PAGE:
Threave Castle

Threave Castle, Dumfries and Galloway

~ History ~

1391 - A member of one of the oldest and most powerful families in Galloway, the MacLellans of Bombie, offends the Earl of Douglas. He is captured and imprisoned at Threave Castle. Sire Patrick Gray, brother-in-law of MacLellan, arrives at the castle with orders from the King to release him. The Earl disregards the order and hangs his prisoner from the castle battlements.

1308 - The timber castle and out buildings of Threave are raised to the ground by Edward Bruce.

1300's - Sir James Douglas, "The Good" is entrusted with taking Robert the Bruce's heart on crusade to Jerusalem, but he is killed in Spain fighting the Moors. He and Bruce's heart is brought back to Scotland for burial at Melrose Abbey. His cousin William Douglas helps put down the rebellious Gallovidian chiefs who side with the English against the Sctottish Crown.

1369 - Because of the Douglas's service to the Scottish cause, Robert the Bruce's son, King David II, bestows an Earldom on Archibald Douglas, and the Heart becomes the principle emblem of the Black Douglases.

1370 - Archibald 'The Grim' begins building of Threave Castle, his stronghold as Earl of Galloway.

1401 - Archibald dies and he is succeeded by his son, Archibald, who later marries Princess Margaret, daughter of Robert III. Her husband had been killed at the Battle of Verneuil in 1424, fighting for the French against the English.

1437 - King James II ascends to the throne of Scotland, aged just six years of age. Archibald is appointed Regent.

1440 - Following Archibald's death in 1439, two men, Sir Alexander Livingstone and Sir William Crichton, fight to take the place of the Douglases. They invite the new Earl of Douglas, aged just 16 years, his brother and a friend, to dine with them at Edinburgh Castle. At the end of the meal the head of a black bull is brought to the table, and at this sign, all three are murdered.

1452 - Resenting the power of the Douglases, King James invites William Douglas, the 8th Earl, to Stirling Castle to negotiate their relationship. During the meeting the 21 year old King James draws his dagger and stabs him. Seeing this attack, his courtiers join in and William is dead. Immediately the 9th Earl proclaims the King a murderer and outlaw. The King's parliament proclaim that; "the Earl was guilty of his own death by resisting the King's gentle persuasion". The Douglases are defeated at the Battle pf Arkinholm and the Earl is exiled. The Kind begins the systematic destruction of all the Douglas strongholds.

1455 - King James lays siege to Threave Castle for two months. Despite overseeing this personally from his field tent, and the heavy bombardment from his massive siege gun, the castle holds out. Only through promising the garrison commanders various payments and promises of safe conduct, does the castle surrender. The castle passes to the Crown and later tp the Maxwells.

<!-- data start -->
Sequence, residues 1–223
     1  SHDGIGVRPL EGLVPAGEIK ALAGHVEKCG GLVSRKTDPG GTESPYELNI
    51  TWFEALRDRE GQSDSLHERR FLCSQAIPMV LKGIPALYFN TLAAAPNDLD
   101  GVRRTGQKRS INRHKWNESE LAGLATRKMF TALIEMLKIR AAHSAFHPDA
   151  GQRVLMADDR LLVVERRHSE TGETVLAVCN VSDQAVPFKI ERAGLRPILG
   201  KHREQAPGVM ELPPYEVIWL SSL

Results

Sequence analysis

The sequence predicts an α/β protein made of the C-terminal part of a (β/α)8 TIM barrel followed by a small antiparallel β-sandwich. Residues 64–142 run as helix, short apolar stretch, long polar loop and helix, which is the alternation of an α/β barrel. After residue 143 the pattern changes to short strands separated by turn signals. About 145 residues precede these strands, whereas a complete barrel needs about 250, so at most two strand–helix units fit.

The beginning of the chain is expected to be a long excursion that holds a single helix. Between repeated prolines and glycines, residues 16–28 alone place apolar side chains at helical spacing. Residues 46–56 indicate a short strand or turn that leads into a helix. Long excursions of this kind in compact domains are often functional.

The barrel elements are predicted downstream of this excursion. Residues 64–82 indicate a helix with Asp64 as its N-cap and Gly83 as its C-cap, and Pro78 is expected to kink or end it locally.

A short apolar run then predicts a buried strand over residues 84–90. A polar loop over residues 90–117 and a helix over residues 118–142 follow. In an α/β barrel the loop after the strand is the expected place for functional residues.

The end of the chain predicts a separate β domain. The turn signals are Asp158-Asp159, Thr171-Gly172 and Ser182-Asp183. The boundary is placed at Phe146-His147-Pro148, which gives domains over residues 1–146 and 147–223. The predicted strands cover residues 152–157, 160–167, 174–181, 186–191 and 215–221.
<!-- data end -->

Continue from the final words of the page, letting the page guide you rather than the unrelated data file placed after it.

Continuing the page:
1460 - At the siege of Roxburgh Castle, King James again puts his faith in the use of his field gun. This time the gun explodes, killing the King.

1542 - After being captured by the English at Solway Moss, Lord Maxwell is 'obliged' to support his captors and Threave Castle is captured.

1588 - Threave Castle is again captured after King James VI accuses the Maxwells conspiracy in Catholic plots.

1638 - Robert Maxwell garrisons Threave castle with 70 men for the King, later increasing the number to 100.

1640 - The castle is besieged for 13 weeks by a force of Coventaners and is surrendered on very honourable terms on the orders of the King who is unable to send any relief. Subsequent orders to 'slight' the castle are never carried out.


Kelton Mains




Threave Castle stands on an islet in the Dee, and even as a ruin it is a forbidding structure, being a massive tower partly enclosed by a powerful artillery wall.

Rising over 70 feet high to its battlements, with walls 9 feet thick, this four storey stronghold was built by Archibald 'the Grim', 3rd Earl of Douglas, Lord of Galloway.

There is no landward approach to the castle, and it can only be reached by wading through a ford on the east branch of the Dee. On each side of the island the river is so deep that it can only be crossed by boat. A wide ditch (formally a moat) makes access to Threave even more difficult.

The surrounding landscape pf boggy march, water, and woodlands, for the unwelcomed visitor, especially in winter, made Threave almost inaccessible.

Today access to the castle is quite a distance via a purpose made pathway from the car park to the jetty where a short boat ride takes you across the the island.

If you ask the man in the boat nicely he'll take you a short ride down the river so as you can get some great photo's from the river across the reeds of the castle.